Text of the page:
The Shocking Difference Between Hemp and Marijuana
While hemp and marijuana are both part of the same species, they are two very different plants.
To put it simply, marijuana affects you, and hemp affects everything around you. Let me explain.
The Difference Between Hemp and Marijuana
Hemp is a nonpsychoactive plant – meaning, it won’t get you high. Typically, hemp is used for various fibers, fuel, and even food. Marijuana on the other hand, you may have guessed, gets you high. Even the nonpsychoactive ingredient – CBD – still has the ability to affect your mental or physical state. This is something that hemp can’t do, unless you’re the type of person who gets really, really excited about an organic hemp t-shirt.
The uses for marijuana are as vast as the uses for hemp but they’re very different. People use marijuana to treat themselves medically, or just for fun and entertainment. If you’re an adult in the US, there’s more than half a chance that you already know what I’m talking about.
When you look at the actual plants, it’s very easy to tell the difference between hemp and marijuana. The hemp plant can grow up to 13 feet tall, while marijuana usually only reaches between 50 cm and 6.5 feet tall. The hemp plant has very long stocks and can grow comfortably closely packed together with other hemp plants. Marijuana is the opposite with shorter stocks and each plant needs a lot of space to grow properly.
Hemp is grown in over 30 different countries, but marijuana remains illegal in most. So if hemp is so much more socially accepted than marijuana, why was it banned for 80 years?
Why Hemp Was Banned
Hemp requires no pesticides to grow, can grow in almost any soil, and has a multi-functionality that’s out of this world. So why was hemp banned for so long? Before 1937, both marijuana and hemp were legal and highly socially accepted. So what happened?
To make a very, very long story short, marijuana was banned in order to control Mexican and Black people. I know — it’s a big jump. But if you read some of the hearings held by state legislature, it’s obvious that a lot of the decisions that were made were based on emotional racism, without facts to back them up.
Even John Ehrlichman, the Counsel and Assistant to US President Nixon (you know – that guy who started the whole ‘War on Drugs’) revealed,
“You want to know what this was really all about? Nixon had two enemies: the antiwar Left, and black people. We knew we couldn’t make it illegal to be either against the war or black. But by getting the public to associate the hippies with marijuana and blacks with heroin, and then criminalizing both heavily, we could disrupt those communities.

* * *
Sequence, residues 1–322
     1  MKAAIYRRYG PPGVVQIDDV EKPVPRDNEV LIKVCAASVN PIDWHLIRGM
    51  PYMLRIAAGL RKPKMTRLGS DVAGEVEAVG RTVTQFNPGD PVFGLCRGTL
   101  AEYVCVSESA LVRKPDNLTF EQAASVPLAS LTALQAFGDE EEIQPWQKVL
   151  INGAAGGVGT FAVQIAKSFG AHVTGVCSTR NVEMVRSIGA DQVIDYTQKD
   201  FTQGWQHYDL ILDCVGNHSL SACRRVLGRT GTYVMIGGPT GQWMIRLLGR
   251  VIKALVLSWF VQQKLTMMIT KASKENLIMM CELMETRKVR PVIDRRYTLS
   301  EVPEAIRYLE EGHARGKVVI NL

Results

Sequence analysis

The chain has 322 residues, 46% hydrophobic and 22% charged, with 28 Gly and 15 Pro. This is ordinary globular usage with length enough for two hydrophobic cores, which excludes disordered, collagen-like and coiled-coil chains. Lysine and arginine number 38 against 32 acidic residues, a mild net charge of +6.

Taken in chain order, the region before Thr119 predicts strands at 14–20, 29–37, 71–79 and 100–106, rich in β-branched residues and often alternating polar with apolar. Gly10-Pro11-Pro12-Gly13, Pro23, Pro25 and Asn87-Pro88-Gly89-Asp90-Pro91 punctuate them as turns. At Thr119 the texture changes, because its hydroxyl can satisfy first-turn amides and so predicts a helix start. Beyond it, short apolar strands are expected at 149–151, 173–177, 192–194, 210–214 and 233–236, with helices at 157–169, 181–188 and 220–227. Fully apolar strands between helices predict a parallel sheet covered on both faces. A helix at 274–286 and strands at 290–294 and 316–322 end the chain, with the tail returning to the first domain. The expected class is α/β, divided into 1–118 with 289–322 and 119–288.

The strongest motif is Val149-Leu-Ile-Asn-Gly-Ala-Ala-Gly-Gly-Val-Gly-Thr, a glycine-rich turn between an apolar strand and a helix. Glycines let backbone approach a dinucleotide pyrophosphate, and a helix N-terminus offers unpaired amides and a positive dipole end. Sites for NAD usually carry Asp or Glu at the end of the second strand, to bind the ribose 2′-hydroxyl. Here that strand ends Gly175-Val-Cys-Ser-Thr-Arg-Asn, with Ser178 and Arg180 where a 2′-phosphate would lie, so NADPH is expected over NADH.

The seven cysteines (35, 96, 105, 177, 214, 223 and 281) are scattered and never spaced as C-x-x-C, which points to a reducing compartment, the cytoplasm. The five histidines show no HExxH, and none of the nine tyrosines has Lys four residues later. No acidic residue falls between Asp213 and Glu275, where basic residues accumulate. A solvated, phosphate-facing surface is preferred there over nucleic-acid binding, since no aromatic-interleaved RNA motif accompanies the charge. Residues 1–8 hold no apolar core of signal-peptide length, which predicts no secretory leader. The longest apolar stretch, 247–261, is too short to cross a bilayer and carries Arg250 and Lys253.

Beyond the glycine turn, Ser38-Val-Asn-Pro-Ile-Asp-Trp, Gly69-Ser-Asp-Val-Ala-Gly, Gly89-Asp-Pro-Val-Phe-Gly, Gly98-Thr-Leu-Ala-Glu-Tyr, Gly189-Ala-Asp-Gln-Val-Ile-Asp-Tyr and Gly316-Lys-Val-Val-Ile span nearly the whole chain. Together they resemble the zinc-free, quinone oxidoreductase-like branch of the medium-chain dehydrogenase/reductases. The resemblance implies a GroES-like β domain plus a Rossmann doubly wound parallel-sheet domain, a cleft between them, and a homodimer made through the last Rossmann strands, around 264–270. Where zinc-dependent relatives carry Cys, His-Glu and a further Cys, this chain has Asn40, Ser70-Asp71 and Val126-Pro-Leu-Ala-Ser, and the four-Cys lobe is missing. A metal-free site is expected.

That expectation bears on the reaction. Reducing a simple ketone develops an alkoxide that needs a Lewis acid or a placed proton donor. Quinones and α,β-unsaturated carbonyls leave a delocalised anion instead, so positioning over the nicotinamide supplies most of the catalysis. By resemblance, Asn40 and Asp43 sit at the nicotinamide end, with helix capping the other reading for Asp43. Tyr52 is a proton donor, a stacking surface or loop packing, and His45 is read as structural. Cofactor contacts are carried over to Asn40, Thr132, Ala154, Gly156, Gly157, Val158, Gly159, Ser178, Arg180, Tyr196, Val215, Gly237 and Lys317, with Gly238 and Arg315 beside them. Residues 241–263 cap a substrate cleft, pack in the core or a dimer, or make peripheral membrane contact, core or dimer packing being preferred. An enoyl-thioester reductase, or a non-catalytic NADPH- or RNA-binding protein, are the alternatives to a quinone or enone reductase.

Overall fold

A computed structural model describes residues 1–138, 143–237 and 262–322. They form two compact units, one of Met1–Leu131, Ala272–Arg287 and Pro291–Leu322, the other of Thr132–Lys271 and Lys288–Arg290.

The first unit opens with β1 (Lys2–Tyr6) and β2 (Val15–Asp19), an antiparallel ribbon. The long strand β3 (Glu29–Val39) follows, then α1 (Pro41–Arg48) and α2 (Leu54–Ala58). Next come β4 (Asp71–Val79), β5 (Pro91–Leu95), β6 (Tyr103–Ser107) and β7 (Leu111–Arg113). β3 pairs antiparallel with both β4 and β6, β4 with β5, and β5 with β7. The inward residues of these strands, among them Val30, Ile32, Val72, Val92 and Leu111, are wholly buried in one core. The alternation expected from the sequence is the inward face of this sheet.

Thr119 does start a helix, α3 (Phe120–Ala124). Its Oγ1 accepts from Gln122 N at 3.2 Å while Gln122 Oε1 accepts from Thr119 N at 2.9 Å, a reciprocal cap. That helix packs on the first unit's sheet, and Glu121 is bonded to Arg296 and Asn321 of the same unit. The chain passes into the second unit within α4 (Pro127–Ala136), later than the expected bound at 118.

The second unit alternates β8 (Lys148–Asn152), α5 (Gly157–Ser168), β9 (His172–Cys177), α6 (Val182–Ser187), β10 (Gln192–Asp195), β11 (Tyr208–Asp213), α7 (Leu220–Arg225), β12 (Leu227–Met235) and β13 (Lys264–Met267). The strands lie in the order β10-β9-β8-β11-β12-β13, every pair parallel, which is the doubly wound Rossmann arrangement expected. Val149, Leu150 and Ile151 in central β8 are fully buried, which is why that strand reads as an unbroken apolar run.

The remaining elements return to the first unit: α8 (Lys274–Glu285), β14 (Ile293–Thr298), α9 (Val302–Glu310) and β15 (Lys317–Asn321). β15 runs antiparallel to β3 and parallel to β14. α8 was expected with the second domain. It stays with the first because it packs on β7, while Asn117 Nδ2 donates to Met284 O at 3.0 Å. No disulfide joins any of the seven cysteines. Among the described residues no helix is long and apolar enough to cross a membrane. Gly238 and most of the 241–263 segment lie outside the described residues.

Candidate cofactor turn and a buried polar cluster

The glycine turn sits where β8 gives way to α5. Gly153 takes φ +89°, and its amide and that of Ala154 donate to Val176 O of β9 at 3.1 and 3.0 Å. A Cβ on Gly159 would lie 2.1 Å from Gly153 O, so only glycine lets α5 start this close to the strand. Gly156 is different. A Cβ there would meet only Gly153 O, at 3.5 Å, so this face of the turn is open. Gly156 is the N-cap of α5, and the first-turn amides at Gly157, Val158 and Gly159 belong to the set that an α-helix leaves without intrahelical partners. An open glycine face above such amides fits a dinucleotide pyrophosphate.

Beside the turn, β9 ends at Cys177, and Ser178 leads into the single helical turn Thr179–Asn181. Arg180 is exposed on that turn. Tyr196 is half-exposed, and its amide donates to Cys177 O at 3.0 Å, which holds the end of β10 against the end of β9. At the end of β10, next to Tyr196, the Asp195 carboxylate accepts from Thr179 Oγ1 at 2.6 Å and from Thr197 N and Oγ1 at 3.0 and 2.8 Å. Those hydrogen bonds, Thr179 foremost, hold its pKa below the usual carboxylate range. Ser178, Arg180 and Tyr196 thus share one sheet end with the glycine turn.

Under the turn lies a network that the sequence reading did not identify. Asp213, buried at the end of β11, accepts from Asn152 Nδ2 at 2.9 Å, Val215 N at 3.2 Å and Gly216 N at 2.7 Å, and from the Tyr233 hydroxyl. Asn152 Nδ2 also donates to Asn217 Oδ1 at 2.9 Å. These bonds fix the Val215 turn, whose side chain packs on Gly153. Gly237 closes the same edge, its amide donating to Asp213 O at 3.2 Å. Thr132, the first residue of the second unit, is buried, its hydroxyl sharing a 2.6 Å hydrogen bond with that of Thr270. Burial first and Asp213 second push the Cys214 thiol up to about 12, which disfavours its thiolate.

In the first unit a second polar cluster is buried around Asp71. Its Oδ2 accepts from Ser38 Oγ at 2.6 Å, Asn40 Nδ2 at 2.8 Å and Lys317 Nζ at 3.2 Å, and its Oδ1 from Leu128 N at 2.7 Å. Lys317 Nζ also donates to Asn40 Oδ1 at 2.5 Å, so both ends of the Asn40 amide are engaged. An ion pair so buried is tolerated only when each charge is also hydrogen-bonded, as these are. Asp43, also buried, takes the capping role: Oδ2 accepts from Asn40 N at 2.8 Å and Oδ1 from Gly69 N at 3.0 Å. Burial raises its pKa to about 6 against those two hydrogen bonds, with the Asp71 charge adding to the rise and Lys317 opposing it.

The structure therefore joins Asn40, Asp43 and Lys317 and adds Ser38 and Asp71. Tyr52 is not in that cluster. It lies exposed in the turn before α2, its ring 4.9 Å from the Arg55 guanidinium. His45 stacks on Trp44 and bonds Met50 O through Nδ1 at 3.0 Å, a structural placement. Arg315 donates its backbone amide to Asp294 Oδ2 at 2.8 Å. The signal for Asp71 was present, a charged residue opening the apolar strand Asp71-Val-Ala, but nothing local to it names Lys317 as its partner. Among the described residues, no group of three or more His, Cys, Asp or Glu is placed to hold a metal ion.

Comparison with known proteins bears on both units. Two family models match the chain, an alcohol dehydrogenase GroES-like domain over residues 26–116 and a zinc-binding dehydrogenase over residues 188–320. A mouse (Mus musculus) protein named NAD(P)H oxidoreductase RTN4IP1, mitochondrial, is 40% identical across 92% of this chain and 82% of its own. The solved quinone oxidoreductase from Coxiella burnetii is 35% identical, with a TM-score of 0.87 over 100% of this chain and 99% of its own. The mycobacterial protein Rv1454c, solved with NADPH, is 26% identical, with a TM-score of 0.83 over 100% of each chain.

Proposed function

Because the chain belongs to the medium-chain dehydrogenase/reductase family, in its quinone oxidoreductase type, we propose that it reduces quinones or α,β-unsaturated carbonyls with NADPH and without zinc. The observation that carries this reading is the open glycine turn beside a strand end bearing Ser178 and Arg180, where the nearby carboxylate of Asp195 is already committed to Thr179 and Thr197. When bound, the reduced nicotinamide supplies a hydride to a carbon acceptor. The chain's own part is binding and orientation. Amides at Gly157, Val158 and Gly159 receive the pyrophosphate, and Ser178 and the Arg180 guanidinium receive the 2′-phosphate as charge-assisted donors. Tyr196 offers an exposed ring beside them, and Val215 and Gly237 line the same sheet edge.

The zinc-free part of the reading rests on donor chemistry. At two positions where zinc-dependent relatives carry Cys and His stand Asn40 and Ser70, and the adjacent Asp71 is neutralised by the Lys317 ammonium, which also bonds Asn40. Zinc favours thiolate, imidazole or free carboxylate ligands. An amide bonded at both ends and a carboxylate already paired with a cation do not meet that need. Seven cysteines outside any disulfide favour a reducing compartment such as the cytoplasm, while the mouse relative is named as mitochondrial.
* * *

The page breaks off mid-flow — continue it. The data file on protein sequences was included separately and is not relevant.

Did we know we were lying about the drugs? Of course we did.”
Yes, that’s a real quote. Look it up.
So, that begs the question, why ban commercially profitable hemp along with marijuana?
Big business interests noticed all of this going on with marijuana and took advantage of the political climate to close the free market to hemp products.
Specifically, ‘chemical pulping’ paper was invented around the same time by Dupont Chemicals as a part of a multi-million dollar deal with a newspaper chain and timber holding company owned by William Randolph Hearst. While this provided Hearst with very cheap paper, the paper turned yellow very quickly as it aged.
Hemp paper threatened Hearst’s new cheap paper empire. Therefore, hemp was lumped in with marijuana and was banned when the Marijuana Tax Act of 1937 was passed.
The moral of the story? The combo of racism and big business taking advantage is never a good idea.
Another difference between hemp and marijuana is hemp doesn’t have hardly anything to do with the “dangerous drug” that politicians and lawmakers in the 30s staged marijuana to be. Does it?
Can you smoke hemp?
Technically speaking, you can put anything into a pipe and smoke it. But that doesn’t mean you should crush up some grass from your lawn and smoke it just because it’s a plant.
“It would give you a headache and that’s about it,” says David Bronner, a board member of the California-based trade group Hemp Industries Association (HIA) and a board member of the political action committee Vote Hemp.
Hemp contains less than 1% of THC and these trace amounts are negligible when it comes to getting high off of them.
While the difference between hemp and marijuana is a stark one, there are ways that you can use them together. We recommend getting high from marijuana while using hemp wick instead of a lighter to light your bowl or pre-roll. With a lighter, you’re inhaling harmful butane gases. With hemp wick, you can get smoother, tastier, and healthier hits.